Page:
A Hard Lesson

May Mutter

I've had an interesting day.

I have come to the conclusion, or rather, it was brought to my attention, that although I'm raising concussion awareness, I am still in denial about mine.

Figure that one out.

A few wonderful young ladies reached out to me over Twitter and Facebook about my project and we chatted for some time. It was incredible. All whom I've talked with today, I felt an instant connection and even made a "BESTIES" joke because sharing our stories felt like we were one and the same.

I look forward to meeting them all, but I had the chance to meet one today for a drink. And as I was listening to her tell her story, I couldn't help but gape wide mouthed - it was like looking in the mirror and having my thoughts read out loud.

Everything from how "stupid" she felt about getting hit in the first place, to every emotion that came throughout the roller coaster of the past 2 years. As I refer to: the shadow of our former selves. She was also athletic, motivated, funny, social, smart, confident, and an all around fun person. But now, she can't participate in any of the sports she used to live for and going to the gym is literally a slow crawl on the treadmill, anxious when it comes to work, finds going out a chore, and doesn't feel half as smart as she used to. She beats herself up for it and has lost the confidence of the person she used to be; questioning who she is now.

I keep saying "she", but this entire time I could've exchanged them all with an "I", and I bet I can exchange it with a "you" if you're suffering from a concussion.

It was amazing to talk to someone who understands. That said, this amazing meet up - this connection, if you will, - was followed by a few exchanges about how we're dealing with things. She mentioned baby steps and working up from a 5 minute walk to 10, 15, etc, from working 2 hours to gradually increasing it to 3, 4, etc, weaning off the happy pills, and learning her limits - whether it's driving, social activities, drinking, or reading.

I realized this is where we differ. Where she has the patience to work her way up, I refuse to admit I need to stop. I can't accept I'm not who I used to be, I can't accept I'm not normal, and I can't accept that I'm disabled. If I know a 5 minute walk gives me a headache, instead of working my way up, I'll think I'm already up so I may as well do the hour. And then it bites me in the ass (or head. Ha!).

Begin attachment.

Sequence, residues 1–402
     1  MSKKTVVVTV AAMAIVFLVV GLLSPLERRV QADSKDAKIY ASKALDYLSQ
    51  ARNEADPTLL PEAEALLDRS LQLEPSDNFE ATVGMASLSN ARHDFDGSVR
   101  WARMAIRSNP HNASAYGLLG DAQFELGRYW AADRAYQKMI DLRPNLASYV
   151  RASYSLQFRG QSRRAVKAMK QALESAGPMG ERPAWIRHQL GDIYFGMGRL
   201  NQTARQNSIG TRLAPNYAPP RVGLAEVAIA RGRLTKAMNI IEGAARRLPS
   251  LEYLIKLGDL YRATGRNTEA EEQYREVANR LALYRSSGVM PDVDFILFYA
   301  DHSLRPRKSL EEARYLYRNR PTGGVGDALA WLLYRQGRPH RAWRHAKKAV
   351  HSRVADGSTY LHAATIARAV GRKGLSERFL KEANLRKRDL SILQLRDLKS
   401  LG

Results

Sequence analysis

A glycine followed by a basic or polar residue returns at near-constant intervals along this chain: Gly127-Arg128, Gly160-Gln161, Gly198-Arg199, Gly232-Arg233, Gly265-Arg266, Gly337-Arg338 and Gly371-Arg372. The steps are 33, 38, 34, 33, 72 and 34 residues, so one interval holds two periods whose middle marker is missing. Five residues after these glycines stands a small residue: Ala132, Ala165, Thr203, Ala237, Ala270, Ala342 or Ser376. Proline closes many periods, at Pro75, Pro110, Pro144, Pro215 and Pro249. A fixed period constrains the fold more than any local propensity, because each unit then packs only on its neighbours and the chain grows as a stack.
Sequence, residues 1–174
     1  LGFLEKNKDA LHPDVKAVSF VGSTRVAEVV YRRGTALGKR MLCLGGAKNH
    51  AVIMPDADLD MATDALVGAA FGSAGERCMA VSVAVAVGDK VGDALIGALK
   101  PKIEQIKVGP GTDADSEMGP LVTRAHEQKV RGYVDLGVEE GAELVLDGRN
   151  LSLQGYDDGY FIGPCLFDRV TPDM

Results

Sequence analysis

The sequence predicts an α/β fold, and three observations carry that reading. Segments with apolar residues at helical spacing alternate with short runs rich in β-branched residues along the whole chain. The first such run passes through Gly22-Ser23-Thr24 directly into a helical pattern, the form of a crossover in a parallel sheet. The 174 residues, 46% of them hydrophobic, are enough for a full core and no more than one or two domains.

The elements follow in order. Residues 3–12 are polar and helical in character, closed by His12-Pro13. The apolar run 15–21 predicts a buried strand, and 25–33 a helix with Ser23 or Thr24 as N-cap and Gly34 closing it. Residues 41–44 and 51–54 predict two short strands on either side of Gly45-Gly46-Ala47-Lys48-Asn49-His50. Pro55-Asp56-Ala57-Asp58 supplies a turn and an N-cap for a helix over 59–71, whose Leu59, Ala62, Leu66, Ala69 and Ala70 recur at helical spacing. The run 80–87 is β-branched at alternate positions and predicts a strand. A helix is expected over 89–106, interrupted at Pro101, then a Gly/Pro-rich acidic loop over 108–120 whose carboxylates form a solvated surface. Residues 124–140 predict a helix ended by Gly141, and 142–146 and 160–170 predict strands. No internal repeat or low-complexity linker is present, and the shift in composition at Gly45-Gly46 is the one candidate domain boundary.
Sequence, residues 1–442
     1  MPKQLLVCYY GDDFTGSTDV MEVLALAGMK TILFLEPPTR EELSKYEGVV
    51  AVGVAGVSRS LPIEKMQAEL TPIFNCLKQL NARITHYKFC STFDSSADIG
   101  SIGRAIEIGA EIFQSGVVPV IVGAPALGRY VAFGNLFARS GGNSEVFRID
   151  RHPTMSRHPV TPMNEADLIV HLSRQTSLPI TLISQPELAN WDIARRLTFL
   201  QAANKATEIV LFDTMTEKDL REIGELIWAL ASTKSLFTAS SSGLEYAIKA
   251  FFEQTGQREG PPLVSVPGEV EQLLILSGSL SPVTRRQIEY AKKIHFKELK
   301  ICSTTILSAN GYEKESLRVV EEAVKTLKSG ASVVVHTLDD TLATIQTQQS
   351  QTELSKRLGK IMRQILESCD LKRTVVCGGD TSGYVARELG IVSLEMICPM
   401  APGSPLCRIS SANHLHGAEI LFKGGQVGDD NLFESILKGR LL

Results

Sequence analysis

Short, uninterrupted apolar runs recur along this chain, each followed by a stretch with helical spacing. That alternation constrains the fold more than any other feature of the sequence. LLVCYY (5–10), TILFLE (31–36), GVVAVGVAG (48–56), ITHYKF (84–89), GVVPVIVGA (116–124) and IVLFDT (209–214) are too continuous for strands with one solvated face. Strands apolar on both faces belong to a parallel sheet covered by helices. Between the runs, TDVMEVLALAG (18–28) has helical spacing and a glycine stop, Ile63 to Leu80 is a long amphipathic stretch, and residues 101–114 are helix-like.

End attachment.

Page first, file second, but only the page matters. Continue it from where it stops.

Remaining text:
Whereas she feels a headache coming on as soon as she hits her limit, I push to my norm and don't realize I'm in pain until I've relaxed and sat down - only the pain is now unbearable and I'm in tears taking days to recover.

Whereas she knows her limits and can comfortably say no to friends and social gatherings, I'm embarrassed to decline an invitation.

It's almost like I'm afraid for people to see who I am now. It's almost like I'm afraid to admit to them who I am. And worst of all, it's like I'm embarrassed to admit it to myself.

I'm aware I sustained 4 concussions and I'm aware I'm disabled and unable to work (albeit extremely ashamed when the subject comes up and more often than not it brings out the tears). But knowing all this and still refusing to accept the new me is denial. And that was brought to my attention when I shared today's connection with my husband.

Sitting on the couch, I was laughing about my stubbornness to stop, when he looked me straight in the eyes and asked if I realized what I'm doing.

How can I raise concussion awareness when I'm in denial myself?

The answer is we're in this together and I'll be taking this journey with you. We will recover from this - and we WILL recover from it - one step at a time together. We will share our stories with those unaware of what is happening to them, and we will share these stories amongst ourselves because it is the only way we will learn.

I cannot believe it took me 2.5 years to realize who I am. This is who I am now, and although I will stay positive and recover from this, there are aspects of this new life that will stay with me.

So stand with me, embrace who you are, and let's work together!


  • I’m so grateful for this blog post. I’m trying to support my husband through his TBI and sometimes I have trouble understanding his need to push through symptoms. Your words and insight are very helpful and I hope you keep sharing – I’m certainly sending our readers from your way!


  • Hugs all around. It’s my first time on your page and I can’t be more proud of you to take the steps you need to go forward. It’s ok not to be strong all the time- we’ll still be there for you anyways. <3 loves!!


  • Thanks so much! I wish I could “Like” your posts :)


  • Disease and injury are two of the most life altering problems, they show us who we are, who truly love us and how far we can push ourselves until we break. Being in chronic pain all the time, or being held back by something that happened years ago – I agree, hurts the ego, but also shows how we can grow and either take the positive, or wallow in self pity. You are truly an inspiration to take your injury and making it into major support, to help others and show that there is always people around that are going through what you are. No matter what. Stay strong Tiger! <3


  • I love you and you are such an amazing person, both before and now. I am so very proud of you every time I read your page. Xxx

    ema hardy

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